When I was the VP Marketing for First Tech Credit Union I was in charge of the website. This is back in 1997 when websites were in their infancy. We paid an inordinate amount of money for the first one to be built (read, as much as my first home). My job was to keep the content fresh. We had pages and pages of marketing copy. But I wondered, was anyone reading it? When they land on the home page, where do they go next? Is our navigation working?
Microsoft (who was one of our SEGs) had just come out with some fancy software that could tell us just that. The guy in IT described it to me in this way “Imagine a field of freshly fallen snow, this software is going to show you the footprints in that snow so you can see the “path” people take when they go to your website. Yay! I couldn’t wait to see the results. I never could have imagined it at the time. There was a muddy trough directly to the home banking login. The majority of the pages were not visited even ONCE!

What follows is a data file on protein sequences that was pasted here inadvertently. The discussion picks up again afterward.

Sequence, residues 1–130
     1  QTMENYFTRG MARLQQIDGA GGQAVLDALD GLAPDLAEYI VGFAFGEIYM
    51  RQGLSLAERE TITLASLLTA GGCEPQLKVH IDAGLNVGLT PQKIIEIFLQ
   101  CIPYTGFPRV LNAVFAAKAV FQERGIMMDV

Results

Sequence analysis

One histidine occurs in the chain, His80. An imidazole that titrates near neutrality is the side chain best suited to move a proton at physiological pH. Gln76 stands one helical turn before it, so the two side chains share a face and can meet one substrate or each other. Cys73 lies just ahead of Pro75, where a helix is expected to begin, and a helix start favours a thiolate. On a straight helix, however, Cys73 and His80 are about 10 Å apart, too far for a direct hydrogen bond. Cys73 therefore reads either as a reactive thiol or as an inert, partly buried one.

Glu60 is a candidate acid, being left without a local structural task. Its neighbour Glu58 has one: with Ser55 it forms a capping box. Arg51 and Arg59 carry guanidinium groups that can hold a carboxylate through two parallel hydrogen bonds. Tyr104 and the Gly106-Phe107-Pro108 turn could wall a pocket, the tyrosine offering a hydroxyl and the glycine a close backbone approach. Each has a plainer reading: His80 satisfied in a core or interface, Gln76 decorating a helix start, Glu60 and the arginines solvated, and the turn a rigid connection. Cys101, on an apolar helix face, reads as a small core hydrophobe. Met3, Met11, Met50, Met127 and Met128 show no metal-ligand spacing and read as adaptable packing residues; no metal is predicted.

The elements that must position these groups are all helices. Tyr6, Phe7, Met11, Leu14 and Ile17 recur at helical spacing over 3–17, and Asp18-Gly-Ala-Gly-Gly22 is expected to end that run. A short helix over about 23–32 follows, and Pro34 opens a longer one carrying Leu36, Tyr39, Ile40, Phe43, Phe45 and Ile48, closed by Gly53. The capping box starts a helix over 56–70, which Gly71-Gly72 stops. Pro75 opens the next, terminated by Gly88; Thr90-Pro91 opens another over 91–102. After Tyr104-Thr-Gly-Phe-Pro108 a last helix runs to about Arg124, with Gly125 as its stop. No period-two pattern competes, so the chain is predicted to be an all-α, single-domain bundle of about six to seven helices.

What an eye opener. Fast forward 20 years and here we have Kirk’s book telling us that members are probably still doing the same thing. That’s why most of us don’t dare bury the login to home banking for fear of losing them entirely. So how do we get our members to read our stuff? It’s so simple, make it relevant and compelling and local! Yes local.
Last week we talked about how the Google machine rules the world. If you want to be found you need to know how Google sees the world. Google loves local. Create local content that is hyper-targeted at an age group, a population, an experience or a region – whatever it is, target it in a way that Bank of America or other big banks can’t. I just looked at several credit union websites and few even have “content.” Most have copy, which isn’t the same thing. Here’s the difference.